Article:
This process is being used by farmers near the University of Philippines at Los Baños. Fast-growing nitrogen-fixing trees such as leucaena, gliricidia or calliandra are planted ahead of time to shade out grasses. Yams are planted near the base of the tree after weeds are controlled. When the tuber begins to form, the tree bark is removed about 40 cm from the ground. This causes leaves to drop, giving full sun, mulch, fertilizer and support for the vine and eventually provides firewood. One strong sucker is left from the new tree growth below the girdled area to produce another tree.
EDN reader Peter Afekoro in Nigeria writes that a lot of farmers have developed the habit of using the growing branches of the moringa tree as a source of stake material for yam vines. The interesting aspect to him is that when you cut the young tree for the stake, it sends up 6-10 new trunks for use next year. [It tends to be weak, fast rotting wood however].
We discovered quite by accident here at ECHO that yams love to grow right up living moringa trees. The light shade does not seem to harm them at all, nor do the vines seem to harm the moringa tree.
The April 1990 issue of Agroforestry Today reports that farmers in Kenya’s eastern highlands are using a local tree, Commiphora zimmermannii, (local names: mutunguka, mururi, kitungati) as stakes for both yam and passion fruit. It is drought tolerant, easily rooted from green stakes, slow growing with few lateral roots that might compete with crops, no large, dense canopy to shade crops, and it thrives under frequent pollarding. (Pollarding is cutting back severely to a certain height, then letting new branches form near the top). “Heavy vines would kill many trees, but Kenyan farmers claim that the mururi, once established, is permanent.” A picture shows a farmer with yams on living stakes that appear to be about head high that were planted 20 years ago. “Few species could survive under these dense and heavy vines.” It is also popular as living fences and is legally recognized as boundary markers because it is so permanent.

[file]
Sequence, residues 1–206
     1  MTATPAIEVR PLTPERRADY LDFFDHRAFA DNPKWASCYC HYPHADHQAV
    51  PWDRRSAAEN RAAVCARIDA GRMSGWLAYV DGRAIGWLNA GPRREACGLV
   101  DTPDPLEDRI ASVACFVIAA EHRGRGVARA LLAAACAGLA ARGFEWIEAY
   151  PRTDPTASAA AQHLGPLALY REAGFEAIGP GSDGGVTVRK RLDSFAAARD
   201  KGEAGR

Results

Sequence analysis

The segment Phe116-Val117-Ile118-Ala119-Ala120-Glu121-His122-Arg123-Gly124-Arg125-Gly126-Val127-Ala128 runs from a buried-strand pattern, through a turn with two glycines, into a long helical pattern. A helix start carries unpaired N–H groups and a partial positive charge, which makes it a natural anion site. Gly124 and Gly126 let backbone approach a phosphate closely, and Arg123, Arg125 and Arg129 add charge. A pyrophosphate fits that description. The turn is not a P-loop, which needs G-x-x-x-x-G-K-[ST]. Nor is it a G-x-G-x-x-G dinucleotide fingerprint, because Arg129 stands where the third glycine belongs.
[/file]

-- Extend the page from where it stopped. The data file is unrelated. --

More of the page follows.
If any of our Kenyan readers can supply us with enough seed (if it makes seed) to make up 30 or so packets to offer to our network in other countries, send details including postage costs and any insights you may have about growing the tree. We would need to send you an import permit before you shipped the seed. We will announce availability of the seed in a future EDN if we are able to find seed.